Updated: April 2020
If you need the tax rates for next year, click the link to get the current 2020-21 UK income tax rates.
Below is a look at the UK income tax rates for 2019-20. We’ll also explain how these changes will affect your tax bill.
The government announces changes to income tax in the autumn budget. The most significant changes announced in the latest one — the Autumn Budget 2018 — were:
Here are the new income tax rates and thresholds for 2019-20. This means that the minimum income you have to earn in a year to start paying tax in the UK will now be £12,500. Similarly, the basic tax rate of 20 percent, which currently applies if you earn up to £46,350 a year, has been extended.
The government planned to make these increases in 2020-21 but decided to put them in place a year earlier. Chancellor Philip Hammond explained that the decision was a result of “the improvements we have delivered in the public finances.”On the downside, the income tax thresholds will stay the same in 2020-21. The next revisions are planned for 2021-22 when the thresholds will increase in line with inflation.
The new rates apply only in England, Wales and Northern Ireland. Scotland sets its own income tax rates and thresholds.We’ll deal with Scotland’s income tax rates for 2019-20 in a minute. First, let’s have a look at how your tax bill will change from 6 April 2019 if you live in another part of the UK.
The current tax brackets in England, Wales and Northern Ireland are:[table id=27 /]So how does this compare with the income tax rates that’ll kick in on 6 April 2019?Well:
All in all, the government reckons 32 million people will have a lower tax bill as a result of these changes. Pretty good right?Let’s crunch some numbers so you can get a better idea.
Let’s say you’re a sole trader. Your total income after deducting allowable expenses is £20,000 a yearHere’s how much tax you’d pay under the current income tax rules and how much you’ll pay in 2019-20.Under the current thresholds:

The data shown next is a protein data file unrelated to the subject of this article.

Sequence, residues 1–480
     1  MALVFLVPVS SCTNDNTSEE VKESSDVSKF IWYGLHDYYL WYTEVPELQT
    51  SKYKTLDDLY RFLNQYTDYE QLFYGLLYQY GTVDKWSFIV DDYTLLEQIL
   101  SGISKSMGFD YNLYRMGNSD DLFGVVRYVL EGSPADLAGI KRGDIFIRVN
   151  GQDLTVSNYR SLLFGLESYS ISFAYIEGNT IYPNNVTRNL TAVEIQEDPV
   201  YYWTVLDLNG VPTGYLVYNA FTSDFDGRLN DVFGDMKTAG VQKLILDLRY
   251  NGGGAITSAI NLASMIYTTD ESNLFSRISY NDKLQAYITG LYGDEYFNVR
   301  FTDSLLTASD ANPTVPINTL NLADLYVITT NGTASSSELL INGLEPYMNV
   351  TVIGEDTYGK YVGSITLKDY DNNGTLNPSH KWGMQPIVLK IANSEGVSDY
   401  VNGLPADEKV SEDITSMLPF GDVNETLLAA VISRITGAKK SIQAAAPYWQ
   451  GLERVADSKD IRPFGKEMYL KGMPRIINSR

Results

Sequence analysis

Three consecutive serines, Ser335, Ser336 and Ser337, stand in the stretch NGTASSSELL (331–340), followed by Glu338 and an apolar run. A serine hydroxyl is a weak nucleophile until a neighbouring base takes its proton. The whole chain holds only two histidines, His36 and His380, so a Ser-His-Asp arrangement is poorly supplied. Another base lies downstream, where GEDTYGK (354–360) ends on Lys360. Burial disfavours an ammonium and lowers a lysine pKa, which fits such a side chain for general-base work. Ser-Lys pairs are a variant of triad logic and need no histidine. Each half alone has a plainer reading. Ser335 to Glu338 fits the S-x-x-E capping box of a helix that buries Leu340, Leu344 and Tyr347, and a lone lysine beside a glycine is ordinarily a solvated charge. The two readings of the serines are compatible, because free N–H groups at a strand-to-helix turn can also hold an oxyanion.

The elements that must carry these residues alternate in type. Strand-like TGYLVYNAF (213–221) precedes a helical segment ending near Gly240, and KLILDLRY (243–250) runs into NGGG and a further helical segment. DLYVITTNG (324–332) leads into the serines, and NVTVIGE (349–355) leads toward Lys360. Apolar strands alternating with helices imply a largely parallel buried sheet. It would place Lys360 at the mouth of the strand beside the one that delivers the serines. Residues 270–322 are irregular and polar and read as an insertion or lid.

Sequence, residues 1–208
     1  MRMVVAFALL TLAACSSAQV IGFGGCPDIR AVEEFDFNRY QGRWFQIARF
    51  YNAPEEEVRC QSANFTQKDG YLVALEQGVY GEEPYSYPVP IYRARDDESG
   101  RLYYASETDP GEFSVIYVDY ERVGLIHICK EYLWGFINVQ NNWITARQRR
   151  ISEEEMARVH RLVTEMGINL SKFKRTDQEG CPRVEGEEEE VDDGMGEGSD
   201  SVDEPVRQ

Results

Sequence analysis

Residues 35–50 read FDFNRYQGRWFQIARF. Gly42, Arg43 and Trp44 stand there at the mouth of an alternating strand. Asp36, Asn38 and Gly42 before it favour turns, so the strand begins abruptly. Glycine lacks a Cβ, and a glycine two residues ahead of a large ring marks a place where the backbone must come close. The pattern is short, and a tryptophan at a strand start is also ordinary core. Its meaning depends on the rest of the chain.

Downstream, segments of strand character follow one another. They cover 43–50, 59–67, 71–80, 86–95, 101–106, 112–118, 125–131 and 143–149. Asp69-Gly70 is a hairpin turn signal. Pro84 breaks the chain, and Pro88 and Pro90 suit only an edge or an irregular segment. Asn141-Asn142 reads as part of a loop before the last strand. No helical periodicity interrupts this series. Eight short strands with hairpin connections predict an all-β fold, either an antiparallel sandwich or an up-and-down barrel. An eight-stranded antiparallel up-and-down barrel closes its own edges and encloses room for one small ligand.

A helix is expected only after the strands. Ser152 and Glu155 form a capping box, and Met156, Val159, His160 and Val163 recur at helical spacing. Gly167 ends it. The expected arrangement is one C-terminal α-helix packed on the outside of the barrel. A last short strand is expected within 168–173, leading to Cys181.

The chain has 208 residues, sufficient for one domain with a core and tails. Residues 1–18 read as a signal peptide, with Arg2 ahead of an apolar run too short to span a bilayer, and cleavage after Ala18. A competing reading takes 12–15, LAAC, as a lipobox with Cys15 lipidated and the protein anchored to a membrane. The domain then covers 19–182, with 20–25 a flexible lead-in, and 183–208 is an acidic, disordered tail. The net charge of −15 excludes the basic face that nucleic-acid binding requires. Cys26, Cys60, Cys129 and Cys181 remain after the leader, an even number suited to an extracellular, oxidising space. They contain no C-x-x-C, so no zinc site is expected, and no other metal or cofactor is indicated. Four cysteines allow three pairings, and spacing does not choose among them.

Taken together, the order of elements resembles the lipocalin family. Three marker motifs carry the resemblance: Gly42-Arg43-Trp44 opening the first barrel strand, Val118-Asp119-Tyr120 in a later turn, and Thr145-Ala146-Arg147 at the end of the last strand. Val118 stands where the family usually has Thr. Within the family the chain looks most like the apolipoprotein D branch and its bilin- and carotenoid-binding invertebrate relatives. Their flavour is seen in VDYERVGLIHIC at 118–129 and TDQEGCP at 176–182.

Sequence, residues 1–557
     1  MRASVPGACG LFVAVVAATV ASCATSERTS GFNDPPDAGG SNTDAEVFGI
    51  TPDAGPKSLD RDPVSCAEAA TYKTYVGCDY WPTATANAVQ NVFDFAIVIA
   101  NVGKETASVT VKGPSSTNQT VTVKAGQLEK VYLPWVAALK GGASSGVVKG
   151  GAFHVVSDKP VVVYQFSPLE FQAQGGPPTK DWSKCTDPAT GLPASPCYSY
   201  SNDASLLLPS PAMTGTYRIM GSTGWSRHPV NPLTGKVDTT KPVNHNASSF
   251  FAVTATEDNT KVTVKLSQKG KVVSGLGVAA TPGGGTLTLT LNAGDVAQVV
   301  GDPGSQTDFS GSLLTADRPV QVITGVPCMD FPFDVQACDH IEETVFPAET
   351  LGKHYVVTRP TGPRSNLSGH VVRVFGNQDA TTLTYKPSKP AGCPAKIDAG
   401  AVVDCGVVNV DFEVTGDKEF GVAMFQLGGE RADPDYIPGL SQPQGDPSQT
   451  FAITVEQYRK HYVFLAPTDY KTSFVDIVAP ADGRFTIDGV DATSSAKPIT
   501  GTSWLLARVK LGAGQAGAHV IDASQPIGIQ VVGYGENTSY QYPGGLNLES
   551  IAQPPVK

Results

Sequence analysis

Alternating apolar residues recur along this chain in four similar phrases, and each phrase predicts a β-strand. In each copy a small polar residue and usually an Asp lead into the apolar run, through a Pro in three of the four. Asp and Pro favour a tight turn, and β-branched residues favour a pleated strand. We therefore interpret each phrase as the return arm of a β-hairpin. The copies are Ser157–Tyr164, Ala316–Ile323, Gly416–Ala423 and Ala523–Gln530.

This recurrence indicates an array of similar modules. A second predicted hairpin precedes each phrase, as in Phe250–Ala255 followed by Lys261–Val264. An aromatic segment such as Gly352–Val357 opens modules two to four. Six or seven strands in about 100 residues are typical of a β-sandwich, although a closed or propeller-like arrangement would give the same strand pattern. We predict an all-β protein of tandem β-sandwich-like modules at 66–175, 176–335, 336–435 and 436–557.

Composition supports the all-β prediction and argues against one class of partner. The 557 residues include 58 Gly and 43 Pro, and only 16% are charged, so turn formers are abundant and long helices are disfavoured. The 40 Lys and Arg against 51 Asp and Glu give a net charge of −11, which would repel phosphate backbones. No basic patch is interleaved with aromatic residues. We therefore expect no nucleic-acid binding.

Under the income tax thresholds for 2019-20:
This means you’ll be getting an extra £130 a year in your pocket in 2019-20.
Now, let’s say your income after deducting allowable expenses is £50,000.Under the current income tax rates:
Under the income tax thresholds for 2019-20:
That’s £860 less than you’d pay this year.
As we explained above, Scotland’s tax rates and thresholds are slightly different to the rest of the UK.
The main changes to the Scottish income tax rates in 2019-20 are:
The main difference between Scotland’s income tax rates and those in the rest of the UK is that Scotland has five tax bands to the rest of the UK’s three.
The end result of this difference is that higher-income earners pay more tax in Scotland than they do in the rest of the UK. By contrast, Scottish lower-income earners pay less tax.
In our first example above, an income of £20,000 a year in 2019-20 would result in a tax bill of £1,500 if you live in England, Wales or Northern Ireland.By contrast, under the Scottish tax system you’d pay tax as follows:
This is £20.49 a year less tax than you’d pay in England, Wales or Northern Ireland.
In our second example, an income of £50,000 a year would result in a tax liability of £7,500 in 2019-20.By contrast, in Scotland:
That’s £1544.07 more than you’d pay in England, Wales or Northern Ireland.
Like income tax rates, National Insurance thresholds are also changing as from 6 April 2019. And this will affect the way you calculate your tax return.Here’s a look at the new National Insurance thresholds and rates for employees and the self-employed and how they compare with 2018-19 rates.
[table id=50 /]If you’re a higher-income earner, the widening of the National Insurance threshold means you’ll pay more NI in 2019-20. And this might eat up some of the savings you’ll make on income tax.Case in point, if you have a yearly salary of £50,000, you’ll pay £4,964.16. This is a £336.64 increase over your 2018-19 tax bill.That said, seeing as you’ll save £860 on income tax, you’ll still be better off.
[table id=51 /]The government recently announced it has decided to scrap plans to abolish Class 2 National Insurance. Instead, 2019-20 will see it rise by 5p a week.The government has also adjusted the Class 4 National Insurance thresholds to bring them in line with the new income tax bands.
Revised income tax and National Insurance rates aside, the government has also increased the Annual Investment Allowance from £200,000 to £1 million.The Annual Investment Allowance allows you to deduct from your income the full value of plant and machinery you use in your business. Which means you pay less tax.The increase is temporary. It’ll only last for two years, after which the Annual Investment Allowance will go back down to £200,000. So if you were thinking of making a big investment to help your business grow, now’s the time to do it.
And there you have it. That’s a rundown of the most important income tax changes you should know about as we approach the 2019-20 tax year.
Here’s to a successful 2019. One in which you reach new heights and, hopefully, pay less tax.